Will Expediency and Political Maturity Prevail
or Cynical Posturing as Usual?
By Sunny G. Nyemah, CIA, CISSP, CIPM
This statement seems to hold a true meaning of what is brewing in Liberia with regards to the Snowe removal saga. We must take corrective actions now with political maturity, and expediency. Prior to the inauguration of the government we indicated our doubts about the caliber of members that were elected to the House of Representatives. We indicated in an article on the Perspective; Harnessing our Expectation Part I, that credibility, and cooperation from the house would have been a challenge because of the characters in the house whose priority would be self aggrandizement, rather than what is in the best interest of Liberia, and Liberians. At that time, I faulted myself for being general in my characterization of the house, because truly, there are some honorable members of the house who have exemplified such. The house of representative is singularly the most important branch of government that manifest the aspirations, and inklings of the masses, not themselves. Consequentially, it is important that the house of representative be very careful on how it handles its affairs. This has not been the case for the “Removal of Snowe ”
Article 49 of the Liberian constitution states that “The House of Representative shall elect once every six years a Speaker who shall be the presiding officer of that body, a Deputy Speaker, and such other officers as shall ensure the proper functioning of the House. The speaker, the Deputy Speaker and other officers so elected may be removed from office for cause by resolution of a two-thirds majority of the members of the House’
Article 38 of the Liberian constitution supports article 49, and states that “Each House shall adopt its own rules of procedure, enforce order and with the concurrence of two-thirds of the entire membership, may expel a member for cause. Each House shall establish its own committees and sub-committees; provided, however, that the committees on revenues and appropriations shall consist of one member from each County. All rules adopted by the Legislature shall conform to the requirements of due process of law laid down in this Constitution”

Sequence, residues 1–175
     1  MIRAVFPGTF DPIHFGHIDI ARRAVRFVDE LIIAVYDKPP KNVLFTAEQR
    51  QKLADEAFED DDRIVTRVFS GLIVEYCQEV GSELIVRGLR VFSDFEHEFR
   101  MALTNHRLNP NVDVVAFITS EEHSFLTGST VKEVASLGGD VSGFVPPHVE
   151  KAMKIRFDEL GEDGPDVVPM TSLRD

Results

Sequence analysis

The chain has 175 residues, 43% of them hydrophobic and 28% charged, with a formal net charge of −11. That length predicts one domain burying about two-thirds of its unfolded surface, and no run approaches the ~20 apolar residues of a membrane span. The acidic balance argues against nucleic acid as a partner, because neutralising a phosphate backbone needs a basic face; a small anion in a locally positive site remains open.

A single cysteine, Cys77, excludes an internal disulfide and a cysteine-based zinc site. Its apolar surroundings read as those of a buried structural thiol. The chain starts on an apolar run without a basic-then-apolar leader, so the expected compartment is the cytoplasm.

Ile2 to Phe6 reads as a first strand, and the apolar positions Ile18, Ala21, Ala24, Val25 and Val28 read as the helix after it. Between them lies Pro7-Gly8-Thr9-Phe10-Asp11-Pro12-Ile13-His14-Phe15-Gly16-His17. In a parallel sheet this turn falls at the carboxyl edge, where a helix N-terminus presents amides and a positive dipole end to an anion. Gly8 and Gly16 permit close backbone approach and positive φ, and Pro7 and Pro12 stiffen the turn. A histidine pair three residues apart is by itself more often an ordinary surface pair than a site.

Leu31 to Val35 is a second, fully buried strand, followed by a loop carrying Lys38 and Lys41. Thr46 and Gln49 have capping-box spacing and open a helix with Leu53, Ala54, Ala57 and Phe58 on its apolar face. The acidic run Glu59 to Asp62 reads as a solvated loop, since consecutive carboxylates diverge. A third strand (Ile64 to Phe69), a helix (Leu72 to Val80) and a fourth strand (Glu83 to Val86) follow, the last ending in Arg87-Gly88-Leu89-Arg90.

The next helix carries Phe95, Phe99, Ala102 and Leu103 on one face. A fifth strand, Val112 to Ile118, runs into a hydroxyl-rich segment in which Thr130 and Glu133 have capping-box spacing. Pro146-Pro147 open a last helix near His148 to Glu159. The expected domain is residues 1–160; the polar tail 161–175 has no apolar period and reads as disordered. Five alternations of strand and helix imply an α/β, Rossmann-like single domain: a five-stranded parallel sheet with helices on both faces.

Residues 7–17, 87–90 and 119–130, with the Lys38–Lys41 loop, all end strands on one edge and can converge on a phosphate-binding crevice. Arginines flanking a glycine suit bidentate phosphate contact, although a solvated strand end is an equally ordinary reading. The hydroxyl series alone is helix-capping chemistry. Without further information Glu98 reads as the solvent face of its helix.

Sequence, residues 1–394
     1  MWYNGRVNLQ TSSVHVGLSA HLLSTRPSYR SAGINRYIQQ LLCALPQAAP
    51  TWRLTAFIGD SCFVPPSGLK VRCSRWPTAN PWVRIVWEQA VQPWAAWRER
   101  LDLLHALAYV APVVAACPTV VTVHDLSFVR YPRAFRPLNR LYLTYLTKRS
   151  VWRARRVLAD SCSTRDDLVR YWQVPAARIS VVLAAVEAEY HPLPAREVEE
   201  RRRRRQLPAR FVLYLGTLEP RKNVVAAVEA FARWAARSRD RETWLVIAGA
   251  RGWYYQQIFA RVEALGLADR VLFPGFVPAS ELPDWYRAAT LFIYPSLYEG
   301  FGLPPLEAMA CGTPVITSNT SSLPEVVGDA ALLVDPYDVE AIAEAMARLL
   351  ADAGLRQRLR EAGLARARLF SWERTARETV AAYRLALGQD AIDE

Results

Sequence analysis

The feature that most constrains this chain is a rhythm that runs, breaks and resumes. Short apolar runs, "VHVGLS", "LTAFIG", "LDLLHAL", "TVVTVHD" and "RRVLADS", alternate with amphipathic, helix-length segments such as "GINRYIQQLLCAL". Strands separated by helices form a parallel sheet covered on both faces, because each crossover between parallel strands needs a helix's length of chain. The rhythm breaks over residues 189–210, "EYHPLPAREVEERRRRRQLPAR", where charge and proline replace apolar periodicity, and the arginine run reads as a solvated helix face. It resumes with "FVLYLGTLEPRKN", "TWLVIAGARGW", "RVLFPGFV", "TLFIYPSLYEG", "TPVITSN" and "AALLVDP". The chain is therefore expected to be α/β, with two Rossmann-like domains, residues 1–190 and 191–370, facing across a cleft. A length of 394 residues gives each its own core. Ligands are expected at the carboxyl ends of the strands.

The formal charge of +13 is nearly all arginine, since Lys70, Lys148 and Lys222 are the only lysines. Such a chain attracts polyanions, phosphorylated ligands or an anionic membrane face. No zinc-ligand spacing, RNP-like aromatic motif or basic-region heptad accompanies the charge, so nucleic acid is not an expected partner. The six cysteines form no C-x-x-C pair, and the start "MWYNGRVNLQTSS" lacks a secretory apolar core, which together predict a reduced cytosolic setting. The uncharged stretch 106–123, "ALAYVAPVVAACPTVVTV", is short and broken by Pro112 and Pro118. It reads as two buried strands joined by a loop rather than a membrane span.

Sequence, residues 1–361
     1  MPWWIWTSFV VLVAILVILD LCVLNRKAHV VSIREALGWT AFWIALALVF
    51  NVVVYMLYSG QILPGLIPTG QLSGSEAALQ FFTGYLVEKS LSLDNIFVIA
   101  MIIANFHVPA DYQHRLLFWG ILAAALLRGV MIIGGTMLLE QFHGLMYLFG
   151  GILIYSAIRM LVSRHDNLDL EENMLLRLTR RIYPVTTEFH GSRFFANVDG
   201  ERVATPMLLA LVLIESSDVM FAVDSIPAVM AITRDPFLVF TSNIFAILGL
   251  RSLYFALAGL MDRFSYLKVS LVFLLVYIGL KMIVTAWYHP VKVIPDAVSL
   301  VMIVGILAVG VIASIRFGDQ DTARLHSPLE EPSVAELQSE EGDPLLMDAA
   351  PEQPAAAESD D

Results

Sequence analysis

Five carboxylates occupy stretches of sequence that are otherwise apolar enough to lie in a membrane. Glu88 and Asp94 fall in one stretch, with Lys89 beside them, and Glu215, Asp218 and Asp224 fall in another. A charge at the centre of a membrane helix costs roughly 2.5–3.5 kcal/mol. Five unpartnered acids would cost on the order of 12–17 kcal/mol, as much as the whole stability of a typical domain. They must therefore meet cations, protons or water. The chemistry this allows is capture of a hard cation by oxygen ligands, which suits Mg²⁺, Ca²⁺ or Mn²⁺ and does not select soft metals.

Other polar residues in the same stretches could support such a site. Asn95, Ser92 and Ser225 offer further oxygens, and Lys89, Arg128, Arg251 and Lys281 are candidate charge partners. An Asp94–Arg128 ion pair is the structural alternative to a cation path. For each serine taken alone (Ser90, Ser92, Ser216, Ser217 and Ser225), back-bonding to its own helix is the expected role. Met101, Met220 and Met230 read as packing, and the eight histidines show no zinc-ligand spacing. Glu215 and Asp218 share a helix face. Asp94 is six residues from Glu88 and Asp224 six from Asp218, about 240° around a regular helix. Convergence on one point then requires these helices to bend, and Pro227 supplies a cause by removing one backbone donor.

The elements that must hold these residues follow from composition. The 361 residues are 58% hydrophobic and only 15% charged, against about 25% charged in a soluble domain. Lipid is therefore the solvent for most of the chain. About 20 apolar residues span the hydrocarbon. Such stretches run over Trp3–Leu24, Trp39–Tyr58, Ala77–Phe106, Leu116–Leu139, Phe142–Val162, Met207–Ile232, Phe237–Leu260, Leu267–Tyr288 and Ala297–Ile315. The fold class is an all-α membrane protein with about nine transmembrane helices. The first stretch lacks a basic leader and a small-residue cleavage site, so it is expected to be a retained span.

Yes, there are no published rules, processes, procedures, and standards, which are within the public domain that support or that should guide members on how to remove an elected officer of the house. The only publicly known measure for removing an officer of the house is the “two-thirds majority” rule. The house might have written rules, which specify exactly how an officer could be removed. It is also no secret that Honorable Edwin Snowe is on the UN travel restriction list, and there are allegations surrounding his behavior as Speaker of the house that are in complete contravention of the Liberian constitution. All of these, have some how stigmatized his reputation, and have cause some serious embarrassment to the legislative branch of government both locally, and internationally – Which are enough grounds for his removal. However, if he must be removed using the “two-thirds majority” rule as indicated in the highlighted section of article 49, political maturity, and expediency must prevail; Political maturity, and expediency calls for the due process, and common sense such as:
? A full house must convene with the speaker in session
at the appropriate venue – Centennial Pavilion